Are pipelines safe?
Unless you’ve been living under a rock, you know about Energy Transfer Partners’ (ETP) Dakota Access Pipeline and its related trail of drama. To summarize, it was approved, then put on hold by the Obama Administration. It has now been given the green light by the Trump Administration and is expected to be moving oil any week now (line fill has already begun). There have been massive protests against this pipeline. One of the biggest concerns is potential drinking water contamination since the pipeline will run under multiple bodies of water.
Because of these headlines, we’ve received a few questions about pipeline maintenance and safety. No matter what side of this issue you’re on, everyone agrees that pipeline leakage is a bad thing. Pipeline companies go to great lengths to ensure this doesn’t happen. Here are the top four ways companies guard against accidents:
- Construction – Companies must meet strict regulation and design guidelines when constructing pipelines. These regulations are set forth by the Pipeline Hazardous Materials Safety Administration (PHMSA). The Interstate Natural Gas Association of America (INGAA) also provides additional construction safety guidelines for natural gas pipelines to “complement applicable regulatory requirements.”
- Testing – Once constructed, tests are run using water. Water is pushed through the pipelines at pressures far beyond what they will be using to move oil and gas.
- Regular Inspection – Through the use of Pipeline Intervention Gadgets (PIGs), pipeline operators are able to gather all kinds of data about strength of the pipes, possible corrosion, and blockages. There are also “SmartBalls” that roll along pipelines. These balls use a microphone to identify leaks as small as a pinhole. If a PIG or SmartBall detects an issue, physical inspection and repair will ensue. The goal is to fix a minor issue before it becomes a major problem. As a further measure, PHMSA and other state agencies hold inspections of their own to ensure that pipelines are operating as they should. PHMSA checks that companies are complying with all laws, verifies pipeline integrity, and investigates reports of leakage.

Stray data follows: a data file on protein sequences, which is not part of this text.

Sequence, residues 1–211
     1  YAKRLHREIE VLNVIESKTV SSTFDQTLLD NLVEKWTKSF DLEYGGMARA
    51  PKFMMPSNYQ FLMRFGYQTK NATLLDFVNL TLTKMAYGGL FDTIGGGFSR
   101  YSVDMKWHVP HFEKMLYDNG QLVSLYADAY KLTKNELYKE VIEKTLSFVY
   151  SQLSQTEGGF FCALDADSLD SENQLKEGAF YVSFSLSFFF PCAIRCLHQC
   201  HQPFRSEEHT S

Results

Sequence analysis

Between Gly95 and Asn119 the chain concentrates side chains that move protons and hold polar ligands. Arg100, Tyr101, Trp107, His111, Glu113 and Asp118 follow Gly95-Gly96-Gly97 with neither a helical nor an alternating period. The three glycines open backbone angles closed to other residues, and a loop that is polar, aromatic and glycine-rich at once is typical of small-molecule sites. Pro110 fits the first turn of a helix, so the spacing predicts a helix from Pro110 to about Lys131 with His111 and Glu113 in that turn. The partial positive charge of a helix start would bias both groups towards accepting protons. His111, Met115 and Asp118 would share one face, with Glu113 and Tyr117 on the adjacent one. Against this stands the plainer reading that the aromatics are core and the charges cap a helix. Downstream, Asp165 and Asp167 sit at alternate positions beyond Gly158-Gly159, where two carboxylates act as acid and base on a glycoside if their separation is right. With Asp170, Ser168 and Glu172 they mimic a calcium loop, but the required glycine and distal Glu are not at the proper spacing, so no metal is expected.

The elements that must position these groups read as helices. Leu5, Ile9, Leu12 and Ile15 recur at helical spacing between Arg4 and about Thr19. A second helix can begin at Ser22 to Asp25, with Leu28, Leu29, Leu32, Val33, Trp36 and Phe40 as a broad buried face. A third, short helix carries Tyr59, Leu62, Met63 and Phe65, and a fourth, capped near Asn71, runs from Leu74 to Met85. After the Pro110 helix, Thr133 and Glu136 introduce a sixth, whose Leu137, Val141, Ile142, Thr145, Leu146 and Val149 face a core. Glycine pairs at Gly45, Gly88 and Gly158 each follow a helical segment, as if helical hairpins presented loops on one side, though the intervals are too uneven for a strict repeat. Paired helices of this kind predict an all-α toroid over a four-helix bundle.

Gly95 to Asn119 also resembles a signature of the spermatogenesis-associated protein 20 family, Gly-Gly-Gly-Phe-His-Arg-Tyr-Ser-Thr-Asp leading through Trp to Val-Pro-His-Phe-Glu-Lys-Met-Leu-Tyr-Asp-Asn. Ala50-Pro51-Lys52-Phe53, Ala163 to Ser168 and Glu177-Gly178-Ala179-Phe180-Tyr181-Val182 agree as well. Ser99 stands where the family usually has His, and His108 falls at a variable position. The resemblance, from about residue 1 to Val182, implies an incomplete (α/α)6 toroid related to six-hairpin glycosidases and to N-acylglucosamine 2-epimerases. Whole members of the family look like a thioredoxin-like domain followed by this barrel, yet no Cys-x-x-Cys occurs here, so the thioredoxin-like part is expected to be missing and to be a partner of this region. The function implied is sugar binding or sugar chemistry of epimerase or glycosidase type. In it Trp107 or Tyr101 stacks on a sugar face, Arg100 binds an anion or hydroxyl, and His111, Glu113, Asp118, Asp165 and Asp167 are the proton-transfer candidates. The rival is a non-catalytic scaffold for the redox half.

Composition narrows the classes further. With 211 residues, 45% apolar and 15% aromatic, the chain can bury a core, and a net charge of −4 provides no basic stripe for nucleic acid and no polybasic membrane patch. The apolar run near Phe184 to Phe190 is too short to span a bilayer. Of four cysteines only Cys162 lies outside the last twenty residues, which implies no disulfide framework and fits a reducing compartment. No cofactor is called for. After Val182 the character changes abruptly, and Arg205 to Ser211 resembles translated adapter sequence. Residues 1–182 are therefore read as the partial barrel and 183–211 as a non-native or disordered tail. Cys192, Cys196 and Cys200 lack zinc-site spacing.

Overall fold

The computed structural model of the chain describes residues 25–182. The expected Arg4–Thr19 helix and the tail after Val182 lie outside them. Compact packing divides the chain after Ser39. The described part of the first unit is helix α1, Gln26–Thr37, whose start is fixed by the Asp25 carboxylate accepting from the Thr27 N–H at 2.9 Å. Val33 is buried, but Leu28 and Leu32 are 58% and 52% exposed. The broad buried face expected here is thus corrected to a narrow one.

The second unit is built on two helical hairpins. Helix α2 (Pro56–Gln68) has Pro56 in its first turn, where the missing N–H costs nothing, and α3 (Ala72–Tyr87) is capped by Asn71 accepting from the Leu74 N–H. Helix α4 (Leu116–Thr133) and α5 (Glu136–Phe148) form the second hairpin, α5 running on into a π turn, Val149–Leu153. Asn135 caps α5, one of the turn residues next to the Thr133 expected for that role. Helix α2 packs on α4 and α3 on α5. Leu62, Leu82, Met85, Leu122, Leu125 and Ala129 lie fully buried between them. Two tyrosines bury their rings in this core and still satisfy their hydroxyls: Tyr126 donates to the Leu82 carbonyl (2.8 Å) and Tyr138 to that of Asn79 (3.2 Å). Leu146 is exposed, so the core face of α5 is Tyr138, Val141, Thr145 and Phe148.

- Monitoring – There are control room operators constantly monitoring the pipelines. With detection devices set up along the length of each pipeline, operators can tell if something is not quite right based on flow rate and amount of pressure.
Unfortunately, try as they might, these measures don’t work 100% of the time. Serious leaks and other pipeline incidents occur every year for a variety of reasons. Sometimes it’s because a landowner or construction team fails to “call before they dig” and they end up cutting into a pipeline. Or, sometimes worse, they hit and weaken the pipeline. Since there is no immediate spill, the incident goes unreported and the pipeline operator does not know to inspect for safety. Other times it’s because of a welding failure or internal corrosion that operators and technology missed.
Like many things, it’s not a perfect system, but it is continually evolving. According to the PHMSA, there were 328 significant pipeline incidents in 2015. Jumping back a decade ago, there were 309 significant incidents reported. Since more pipeline miles have been built since 2005, to normalize these results, we looked at these on a per pipeline mile basis. A small decrease is noted: 0.000167 incidents per pipeline mile in 2005 versus 0.000145 in 2015. As can be observed by the size of these numbers, while zero accidents is ideal, they are rather infrequent. Additionally, pipelines are much safer than moving crude by rail or truck.
Transporting oil and gas in pipelines can be compared to transporting people in cars. Automakers have improved vehicle safety dramatically as technology has improved. Car accidents still occur but have generally trended down. Pipeline operators, like automakers, do all in their power to continually improve safety. Just as the use of cars is critical to our nation’s transportation needs, so is the oil and gas moved through our pipelines. In other words, most people sitting in a heated or an air-conditioned office reading this on their computer would agree the benefits are worth the risks.
Maintenance is a prominent line item on MLP financial statements. Next week, we’ll look at maintenance expenses in more detail and talk about how to keep track of how much the MLPs you follow are spending to maintain their assets.